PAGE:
Ap-uat the Wolf

Listening to the coyotes communicating in howls and yips just yards away from our Sanctuary, brings to mind one of the most ancient Egyptian gods, Ap-aut (also known as Sed and Wep-wawet) a wolf-like god whose worship originated in Upper Egypt. His name means “the opener of the ways” which is sometimes interpreted as the paths through the underworld. However, I prefer to think of this as referring to the choices or paths taken in life.
Howl

He was linked to the power of the living pharaoh and was given the honor of going before the king during many ritual processions. He also accompanied the pharaoh when he was hunting and was given the title, “the one with the sharp arrow who is more powerful than the gods.”

Ap-uat’s connection with the pharaoh is demonstrated in an ancient celebration called the Sed Festival. The less formal name was the Feast of the Tail which was derived from an animal tail that was typically attached to the back of the pharaoh’s garment in the early periods of Egyptian history. Sed Festivals were jubilees celebrated after a pharaoh had held the throne for thirty years and then every three to four years as long as the ruler reigned. The Festival was held to rejuvenate the pharaoh’s strength and stamina while still sitting on the throne, and celebrating the continued success of the pharaoh. Ramesses II reigned for 65 years, longer than any other pharaoh, and he celebrated 14 Sed Festivals . Ramesses, in addition to having the most Sed Festivals, also had the most lavish celebrations.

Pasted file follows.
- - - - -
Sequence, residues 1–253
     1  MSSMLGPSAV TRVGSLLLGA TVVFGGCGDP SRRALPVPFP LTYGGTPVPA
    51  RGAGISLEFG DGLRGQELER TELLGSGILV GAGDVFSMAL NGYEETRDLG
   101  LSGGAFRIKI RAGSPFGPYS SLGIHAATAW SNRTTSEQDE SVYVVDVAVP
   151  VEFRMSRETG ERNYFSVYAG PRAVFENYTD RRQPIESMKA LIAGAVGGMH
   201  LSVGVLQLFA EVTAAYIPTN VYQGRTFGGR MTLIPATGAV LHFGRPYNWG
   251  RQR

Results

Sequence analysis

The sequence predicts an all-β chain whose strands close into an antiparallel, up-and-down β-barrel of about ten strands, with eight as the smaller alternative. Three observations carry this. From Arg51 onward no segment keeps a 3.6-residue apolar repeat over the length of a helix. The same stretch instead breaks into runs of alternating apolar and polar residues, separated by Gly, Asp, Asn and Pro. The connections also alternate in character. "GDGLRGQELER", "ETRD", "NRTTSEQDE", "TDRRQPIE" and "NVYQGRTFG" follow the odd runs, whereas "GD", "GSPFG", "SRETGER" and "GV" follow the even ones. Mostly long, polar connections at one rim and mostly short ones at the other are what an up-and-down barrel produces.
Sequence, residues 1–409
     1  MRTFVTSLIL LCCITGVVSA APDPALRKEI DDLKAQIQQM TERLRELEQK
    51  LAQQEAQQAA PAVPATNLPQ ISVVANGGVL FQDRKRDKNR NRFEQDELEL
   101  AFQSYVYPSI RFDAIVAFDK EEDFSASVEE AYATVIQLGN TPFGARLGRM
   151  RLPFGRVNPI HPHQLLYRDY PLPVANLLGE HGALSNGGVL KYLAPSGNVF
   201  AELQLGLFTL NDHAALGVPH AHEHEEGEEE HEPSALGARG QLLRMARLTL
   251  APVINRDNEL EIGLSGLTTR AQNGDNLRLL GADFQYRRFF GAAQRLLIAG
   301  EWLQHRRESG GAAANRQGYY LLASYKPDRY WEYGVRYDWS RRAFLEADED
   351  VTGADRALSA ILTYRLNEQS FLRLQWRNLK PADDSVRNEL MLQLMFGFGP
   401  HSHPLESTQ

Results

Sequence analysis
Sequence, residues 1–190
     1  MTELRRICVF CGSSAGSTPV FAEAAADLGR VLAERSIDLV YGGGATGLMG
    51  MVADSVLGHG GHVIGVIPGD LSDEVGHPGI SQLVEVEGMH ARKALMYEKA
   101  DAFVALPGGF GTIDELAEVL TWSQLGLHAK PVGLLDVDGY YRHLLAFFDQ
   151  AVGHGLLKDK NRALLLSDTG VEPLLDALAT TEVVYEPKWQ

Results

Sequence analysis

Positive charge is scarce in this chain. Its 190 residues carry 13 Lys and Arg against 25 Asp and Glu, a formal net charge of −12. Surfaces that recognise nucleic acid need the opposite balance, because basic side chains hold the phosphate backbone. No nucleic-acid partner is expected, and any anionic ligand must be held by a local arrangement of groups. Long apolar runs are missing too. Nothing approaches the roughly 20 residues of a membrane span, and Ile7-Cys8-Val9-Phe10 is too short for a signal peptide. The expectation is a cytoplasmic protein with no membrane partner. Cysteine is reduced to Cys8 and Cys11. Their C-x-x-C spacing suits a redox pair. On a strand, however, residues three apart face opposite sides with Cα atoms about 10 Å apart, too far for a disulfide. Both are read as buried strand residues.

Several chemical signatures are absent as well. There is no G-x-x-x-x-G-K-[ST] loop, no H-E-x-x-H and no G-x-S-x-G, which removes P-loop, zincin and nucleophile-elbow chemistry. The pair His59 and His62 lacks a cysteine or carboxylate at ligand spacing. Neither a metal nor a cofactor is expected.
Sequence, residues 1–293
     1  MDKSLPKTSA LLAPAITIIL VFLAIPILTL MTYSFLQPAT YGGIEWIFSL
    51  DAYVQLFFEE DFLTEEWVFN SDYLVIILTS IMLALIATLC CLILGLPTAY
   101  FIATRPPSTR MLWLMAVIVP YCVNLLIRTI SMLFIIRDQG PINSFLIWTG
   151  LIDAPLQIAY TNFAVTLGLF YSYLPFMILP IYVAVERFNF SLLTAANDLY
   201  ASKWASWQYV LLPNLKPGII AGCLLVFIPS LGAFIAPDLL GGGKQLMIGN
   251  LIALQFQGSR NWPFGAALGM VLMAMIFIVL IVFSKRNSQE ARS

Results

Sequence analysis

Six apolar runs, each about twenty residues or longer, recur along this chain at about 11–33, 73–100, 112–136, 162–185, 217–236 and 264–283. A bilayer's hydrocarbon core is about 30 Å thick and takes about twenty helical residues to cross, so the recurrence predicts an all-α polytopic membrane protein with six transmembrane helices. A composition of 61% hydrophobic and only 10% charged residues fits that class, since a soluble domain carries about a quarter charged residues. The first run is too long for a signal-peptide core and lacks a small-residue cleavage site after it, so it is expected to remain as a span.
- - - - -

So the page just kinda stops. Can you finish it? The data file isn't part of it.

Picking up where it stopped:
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Ap-uat with Ramasses celebrating one of his Sed Festivals

While Ap-uat was generally depicted as a wolf or a man with the head of a wolf, there is some debate as to whether he was in fact a wolf. Some European Egyptologists believed he was a jackal and related to Anubis. However, as he is often depicted with a grey or white head, it would appear that the Ancient Egyptians clearly identified him as a wolf. Recently, a series of analyses on African wolf DNA showed that they are closely related to coyotes.

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Egyptian Wolf